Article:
If you own a BMW and have recently experienced problems accessing CarPlay in your vehicle, you’re not alone. Several BMW owners took to Reddit over the last few days to share their inability to use CarPlay, seemingly due to a server-side issue rather than having anything to do with hardware inside the cars themselves or the drivers’ iPhones.
A BMW spokesperson confirmed with Jalopnik that the outage was the result of a “technical problem” that is now supposedly resolved:
Due to a technical problem last week, some BMW ConnectedDrive Services, including support for Apple CarPlay became temporally unavailable for some U.S.-customers. After quickly identifying the issue, we were able to fully restore all connected services on Sunday, December 6th. We sincerely apologize for this inconvenience.
A Reddit post by user RhodiumOwl, also on December 6, suggested BMW customer service representatives and the automaker’s app told owners that they needed to subscribe to the ConnectedDrive service to use CarPlay:
Just got off the phone with BMW (the Connected Drive people) and they said there’s a big problem on their end with CarPlay - and thus everyone with a BMW should be having problems right now. Mine stopped worked today all of a sudden...
Also, the rep was trying to tell me that I needed to have a Connected Package subscription to make CarPlay work. I don’t think that’s true...
Yeah, it wasn’t true. BMW did hatch a plan in 2019 to charge customers $80 per year or $300 for 20 years (yes, 20 years) of CarPlay access, but doubled back on that after a torrent of criticism from every corner of the automotive and tech realms.
As it stands, CarPlay remains free, but for some reason, the feature is obviously still flagged and monitored within BMW’s servers, as it went down for a number of people at once. And it appears that the new Supra, which also uses BMW’s iDrive system, wasn’t immune either. One reader tipped us off to this SupraMKV.com forum thread, where several replies describe a phenomenon eerily similar to that experienced by some BMW owners.
What makes this glitch especially infuriating is that it’s, of course, entirely of BMW’s own making, and should never have happened in the first place. The beauty of phone projection software like CarPlay and Android Auto is that they shouldn’t require any legwork on the manufacturer’s part. The software exists in your phone, and is updated via your phone; your car’s infotainment system mirrors the data on its display. There’s no need to ever ping a server to open CarPlay, as that happens locally.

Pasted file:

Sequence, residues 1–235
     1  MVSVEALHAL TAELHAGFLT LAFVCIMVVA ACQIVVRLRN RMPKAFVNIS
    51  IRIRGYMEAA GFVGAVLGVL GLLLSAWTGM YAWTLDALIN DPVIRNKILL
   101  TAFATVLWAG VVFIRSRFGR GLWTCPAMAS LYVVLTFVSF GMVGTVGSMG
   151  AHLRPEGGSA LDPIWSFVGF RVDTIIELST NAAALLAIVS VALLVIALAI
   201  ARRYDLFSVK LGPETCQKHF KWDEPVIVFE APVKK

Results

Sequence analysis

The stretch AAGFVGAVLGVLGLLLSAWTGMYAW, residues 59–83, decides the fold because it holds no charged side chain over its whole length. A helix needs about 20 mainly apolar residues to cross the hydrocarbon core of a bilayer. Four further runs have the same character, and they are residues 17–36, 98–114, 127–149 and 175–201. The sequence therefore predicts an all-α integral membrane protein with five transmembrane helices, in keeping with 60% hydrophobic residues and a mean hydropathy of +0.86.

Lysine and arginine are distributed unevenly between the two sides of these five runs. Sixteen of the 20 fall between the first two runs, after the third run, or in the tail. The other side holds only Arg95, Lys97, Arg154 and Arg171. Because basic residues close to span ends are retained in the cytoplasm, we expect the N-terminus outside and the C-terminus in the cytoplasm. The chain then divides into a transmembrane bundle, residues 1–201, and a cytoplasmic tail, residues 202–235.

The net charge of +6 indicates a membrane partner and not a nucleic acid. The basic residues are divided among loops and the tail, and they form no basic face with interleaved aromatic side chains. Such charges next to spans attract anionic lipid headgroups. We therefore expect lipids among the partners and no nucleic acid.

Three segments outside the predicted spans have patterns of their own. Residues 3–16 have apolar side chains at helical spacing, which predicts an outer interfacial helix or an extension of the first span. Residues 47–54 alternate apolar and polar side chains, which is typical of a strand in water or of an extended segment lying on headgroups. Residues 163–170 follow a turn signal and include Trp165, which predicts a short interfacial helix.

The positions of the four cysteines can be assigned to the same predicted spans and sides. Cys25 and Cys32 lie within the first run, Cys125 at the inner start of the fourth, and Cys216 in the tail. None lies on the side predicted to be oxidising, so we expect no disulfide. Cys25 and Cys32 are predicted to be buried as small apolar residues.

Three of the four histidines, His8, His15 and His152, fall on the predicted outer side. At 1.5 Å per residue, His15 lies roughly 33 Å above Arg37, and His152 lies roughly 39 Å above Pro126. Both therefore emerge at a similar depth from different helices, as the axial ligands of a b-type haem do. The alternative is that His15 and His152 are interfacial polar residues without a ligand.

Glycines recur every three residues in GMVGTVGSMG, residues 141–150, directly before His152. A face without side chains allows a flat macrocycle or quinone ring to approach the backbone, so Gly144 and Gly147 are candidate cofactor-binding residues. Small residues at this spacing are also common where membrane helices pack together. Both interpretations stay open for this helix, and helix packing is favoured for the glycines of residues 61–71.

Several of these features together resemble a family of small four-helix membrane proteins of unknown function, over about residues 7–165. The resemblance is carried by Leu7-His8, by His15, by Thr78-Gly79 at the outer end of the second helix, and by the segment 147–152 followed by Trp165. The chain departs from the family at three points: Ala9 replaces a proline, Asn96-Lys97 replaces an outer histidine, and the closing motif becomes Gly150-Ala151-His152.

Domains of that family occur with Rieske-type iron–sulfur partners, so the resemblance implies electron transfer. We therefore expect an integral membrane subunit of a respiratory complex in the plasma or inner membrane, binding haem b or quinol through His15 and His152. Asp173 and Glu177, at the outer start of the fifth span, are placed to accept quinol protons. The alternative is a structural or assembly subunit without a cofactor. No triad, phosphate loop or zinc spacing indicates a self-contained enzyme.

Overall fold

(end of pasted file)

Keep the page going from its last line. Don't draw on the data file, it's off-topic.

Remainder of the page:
But this is BMW, and at the moment, BMW is tirelessly exploring exciting new ways to make new car ownership as miserable as possible via subscriptions. Charging to unlock equipment that already exists within your vehicle, like a heated steering wheel, is miserly and wasteful enough, though at least you could make the argument that it simplifies BMW’s production processes.
It’s harder to apply that attitude toward CarPlay — a feature BMW didn’t develop and does not maintain, yet feels entitled to the right to charge for on an ongoing basis anyway. When BMW unveiled its CarPlay plan last year, this was the defense the company offered, in Car and Driver’s words:
Every time Apple updates its software or adds a new feature, there’s a chance that some new snippet of code won’t play nice with the existing infotainment system, requiring an update; wireless CarPlay increases that complexity.
Sure — it’s called a software update, and consumer electronics companies have been providing those to their user base, for free, for decades. BMW may have cooled off pinching pennies on Apple’s hard work for the moment, but I have a sneaking suspicion it’s only a matter of time until the carmaker floats the idea again. Once subscriptions are embedded in every other facet of BMW’s vehicles, charging for CarPlay on an ongoing basis probably won’t provoke the surprise or rage it does now. BMW, along with other greedy manufacturers, will be able to get away with it.
Oh, and another thing: As the internet deepens its hooks into our cars, there will inevitably be more potential for glitches like this to happen. Maybe you’ll randomly lose access to that heated steering wheel you rightfully paid for, or maybe it’ll be something with safety implications, like adaptive cruise control or some other form of assisted driving technology. I don’t mean to cry that the sky is falling, but as my colleague Jason said, automakers are headed down a slippery slope here, and the only power we have as consumers is to vote with our dollars.